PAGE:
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Between a Rock and a Hard Place: Life is a Series of In-Between Places

The opinions expressed in this article are the writer’s own and do not reflect the views of Her Campus.

Edited By: Aneesha Chandra

Growing up, my mom used to tell me, live in the moment, [redacted for unnecessary privacy purposes]. Not unlike many things she said in her role as mom-cum-motivational speaker, it made no sense. As a moody teenager, the moments of my days were populated by why did I do/say that?! and what show am I going to watch tomorrow and which snack — chocolate-chip cookies, of course — should I pair it with? and general random thoughts of irritation (when my mom called out for me to eat lunch for the zillionth time), bliss (when I finally toppled onto my soft, soft bed), and revenge (when my sister didn’t close the door behind her). Do those latter fleeting reactions to some random event in my periphery mean I was living in the moment? If not, what does it mean for one to live in the moment? Confusion abounds. In this essay, I will-

Living in the moment seems to be similar to one of those things people say, like life is a journey. Though one acknowledges that every journey has an end, a destination to be reached, the idea is to enjoy every moment of this journey of life because it’s the process, not the outcome, that matters. Curiously, I find that this motto of “enjoy every moment of your life” is often conditional on something akin to a multi-stop travel itinerary, beginning from birth to school to college to work to marriage to children to retirement to death, in that order. Life is but a series of destinations; where is the journey? It’s much like a family trip around Europe; having fun is highly dependent on following everything on the excruciatingly detailed itinerary down to the last timed bathroom break. Is living in the moment conditional as well? Does one have to be a happy-go-lucky, inspirational, optimistic, sensitive individual for the magic to work?

(Spoiler alert: the answer is no.)

In the early months of 2020, when I insisted on calling myself an adult when I really wasn’t, I started to understand what my mom really meant, or at least some creative interpretation of the phrase (age-old wisdom never fails despite time and generations). The memory is vivid: it’s a quiet Monday morning. The only difference from all the other Mondays is the fact that it’s the Monday. You know, that Monday in that fortunate week somewhere between February and March when the weather is neither too hot nor too cold and everyone fancies themselves a nature-lover. It’s also that fortunate day of the week where the news of the perfect weather has yet to reach every student on campus and morning people have no excuse to kick sleepily grumbling night owls out of bed. The precious outcome: an acute scarcity of large groups of friends sprawling across the lawns, soaking in the warmth, and driving away good vibes with loud chatter. Class had let out early that fateful Monday morning, leaving me caught in that awkward time when the to-and-fro between my room and my next class would take more time than actually relaxing in my room, and sitting outside doing nothing held no charm in the middle of the day. It had been an easy decision, really; what’s one lazy not-yet-adult to do? I sit outside, legs crossed beneath me, soft indie music playing in my ears, a breeze wafting through my hair, sunlight ablaze on my dark skin. My thoughts drift; I wonder about the tricks sunlight can play on brown skin, marveling at the beautiful hues it evokes, affirming how much I love the colour of my skin right now in this transient moment where everything feels timeless…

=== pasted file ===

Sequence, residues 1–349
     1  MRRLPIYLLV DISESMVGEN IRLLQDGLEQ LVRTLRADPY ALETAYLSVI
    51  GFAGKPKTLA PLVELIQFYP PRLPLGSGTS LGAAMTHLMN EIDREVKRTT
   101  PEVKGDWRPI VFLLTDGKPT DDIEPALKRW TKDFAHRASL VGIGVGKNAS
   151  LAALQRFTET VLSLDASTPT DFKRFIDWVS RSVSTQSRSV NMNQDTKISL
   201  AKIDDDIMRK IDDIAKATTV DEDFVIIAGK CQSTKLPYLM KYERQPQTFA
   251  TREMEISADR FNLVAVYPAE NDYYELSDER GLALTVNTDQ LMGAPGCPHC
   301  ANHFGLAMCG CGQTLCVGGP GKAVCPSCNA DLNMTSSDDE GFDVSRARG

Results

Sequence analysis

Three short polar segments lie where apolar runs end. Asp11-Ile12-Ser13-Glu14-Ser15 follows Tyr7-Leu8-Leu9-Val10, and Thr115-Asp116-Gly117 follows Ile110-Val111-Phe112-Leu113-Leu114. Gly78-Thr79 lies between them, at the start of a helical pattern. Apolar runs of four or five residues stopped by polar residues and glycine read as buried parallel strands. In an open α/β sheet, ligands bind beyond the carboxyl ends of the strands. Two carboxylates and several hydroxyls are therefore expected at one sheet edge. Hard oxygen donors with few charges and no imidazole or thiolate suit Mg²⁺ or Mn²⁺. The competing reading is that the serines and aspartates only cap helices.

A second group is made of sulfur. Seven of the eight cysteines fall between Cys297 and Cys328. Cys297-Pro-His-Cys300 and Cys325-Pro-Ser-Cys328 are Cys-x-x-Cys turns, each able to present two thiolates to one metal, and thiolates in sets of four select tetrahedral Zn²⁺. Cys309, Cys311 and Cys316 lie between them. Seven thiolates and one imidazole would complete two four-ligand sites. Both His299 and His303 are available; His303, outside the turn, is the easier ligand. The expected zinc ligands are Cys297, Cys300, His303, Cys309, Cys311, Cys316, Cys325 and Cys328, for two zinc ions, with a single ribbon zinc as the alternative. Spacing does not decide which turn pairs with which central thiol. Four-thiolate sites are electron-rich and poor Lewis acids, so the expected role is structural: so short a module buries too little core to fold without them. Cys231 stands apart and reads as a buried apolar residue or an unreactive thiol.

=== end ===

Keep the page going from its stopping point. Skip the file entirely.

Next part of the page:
And this is it. This is not a daydream I need to wake from, not a fantasy I need to jolt out of, but a moment in reality. I’m conscious. I’m grounded. I didn’t know then but I think this must be what living in the moment means: to be aware, to allow yourself to be in a moment, to experience yourself as who you really are. unabashedly. I call them in-between places though these moments don’t really occupy space in the tangible sense. I like to think of them as having no real beginning or end, no starting point or destination; it’s just you, the world, and your relationship to everything in the world in motion in time.